We are not aware of the existence of a sub-typology of design that we could call – Galician design – according to formal or material aspects. I would simply define Galician design as design that is produced by Galician designers, without any other particularity.

Photography by Studio Aranda Santos

Four. Are we experiencing a revival of the Made in Galicia, both in fashion and in design, literature or cinema (Novo Cinema Galego)? What do you attribute this to?

The textile sector in Galicia has been deeply rooted since the eighties, both in terms of professionals dedicated to design and specialised academic training. However, this tradition does not extend to other fields of design or creativity, which are emerging but with a lesser presence. In the case of industrial design, our less industrialised past compared to other geographical areas hinders the development of this speciality. To be honest, we are not very optimistic about the effervescence of creativity in Galicia.

Five. How would you define a·emotional light in one word? Where does your collaboration come from? 

We have been following the company since we were students. In Galicia there are not many firms that are committed to design as a strategic factor, which is why it was always in our minds to be able to make some kind of collaboration. For us, a·emotional light represents an open door to product design in general and lighting design in particular. In the previous stage, and in spite of trying to get closer, it was not possible to develop any collaboration. With the change of management, we resumed contact and progressively a professional and personal affinity arose, which naturally resulted in different collaborations. The human component is fundamental for the relationship to be fertile and long-lasting.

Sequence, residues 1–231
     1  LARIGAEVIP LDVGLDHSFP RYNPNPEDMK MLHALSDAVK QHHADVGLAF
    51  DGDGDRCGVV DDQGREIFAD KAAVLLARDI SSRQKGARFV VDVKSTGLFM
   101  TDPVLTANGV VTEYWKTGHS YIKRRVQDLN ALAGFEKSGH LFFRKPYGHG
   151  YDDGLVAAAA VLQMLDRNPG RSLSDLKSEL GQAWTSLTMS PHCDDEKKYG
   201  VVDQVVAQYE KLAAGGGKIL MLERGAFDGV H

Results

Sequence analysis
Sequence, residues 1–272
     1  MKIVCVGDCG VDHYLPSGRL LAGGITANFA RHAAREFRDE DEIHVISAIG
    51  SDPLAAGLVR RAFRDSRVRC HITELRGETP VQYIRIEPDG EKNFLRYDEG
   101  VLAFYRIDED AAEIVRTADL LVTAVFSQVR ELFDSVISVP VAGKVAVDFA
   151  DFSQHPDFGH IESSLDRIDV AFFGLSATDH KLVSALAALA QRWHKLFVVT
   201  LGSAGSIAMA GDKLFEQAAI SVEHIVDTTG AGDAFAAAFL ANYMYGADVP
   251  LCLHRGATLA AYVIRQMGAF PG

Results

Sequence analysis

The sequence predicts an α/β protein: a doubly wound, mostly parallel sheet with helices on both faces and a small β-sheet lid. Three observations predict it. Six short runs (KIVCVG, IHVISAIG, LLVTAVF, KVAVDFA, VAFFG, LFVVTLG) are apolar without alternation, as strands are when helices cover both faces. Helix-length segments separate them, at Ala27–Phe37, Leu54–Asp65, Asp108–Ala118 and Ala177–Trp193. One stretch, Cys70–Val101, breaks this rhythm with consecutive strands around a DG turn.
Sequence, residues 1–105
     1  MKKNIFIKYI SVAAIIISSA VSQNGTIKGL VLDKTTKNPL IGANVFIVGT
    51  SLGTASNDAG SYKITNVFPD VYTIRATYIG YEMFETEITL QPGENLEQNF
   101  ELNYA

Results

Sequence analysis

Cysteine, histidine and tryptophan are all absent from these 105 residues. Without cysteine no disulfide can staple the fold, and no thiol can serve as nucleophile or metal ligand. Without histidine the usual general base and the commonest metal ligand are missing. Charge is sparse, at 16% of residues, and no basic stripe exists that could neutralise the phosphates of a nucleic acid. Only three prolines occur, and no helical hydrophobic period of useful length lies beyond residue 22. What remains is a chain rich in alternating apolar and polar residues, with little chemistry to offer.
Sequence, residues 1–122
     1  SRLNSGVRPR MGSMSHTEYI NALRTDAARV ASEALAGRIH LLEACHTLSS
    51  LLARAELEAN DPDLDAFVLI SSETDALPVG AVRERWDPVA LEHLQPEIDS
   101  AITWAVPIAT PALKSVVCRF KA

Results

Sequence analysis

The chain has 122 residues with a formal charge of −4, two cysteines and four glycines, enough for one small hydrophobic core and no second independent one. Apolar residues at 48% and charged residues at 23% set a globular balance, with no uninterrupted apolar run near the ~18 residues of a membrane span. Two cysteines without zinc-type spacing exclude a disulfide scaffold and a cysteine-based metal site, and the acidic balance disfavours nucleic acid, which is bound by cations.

Six. Your collaboration with a·emotional light has resulted in three collections of luminaires: Parga, Nebra and Cambo. What is the common thread running through these three collections?

Without intending to, it is common for references to nature to appear in our work. We feel particularly comfortable using natural materials such as stone and wood. Apart from this affinity of languages, we attach great importance to the multi-sensoriality of the materials: textures, scents… Especially at a time when the visual overrides the rest of the senses. In addition to working with materials and languages that are close to us, we try to look for meeting points and interactions with light. We must understand how each material expresses itself and what potential it offers in the context of lighting. We must not lose sight of the fact that the aim is to work with light; materials and forms are only the tools to achieve this.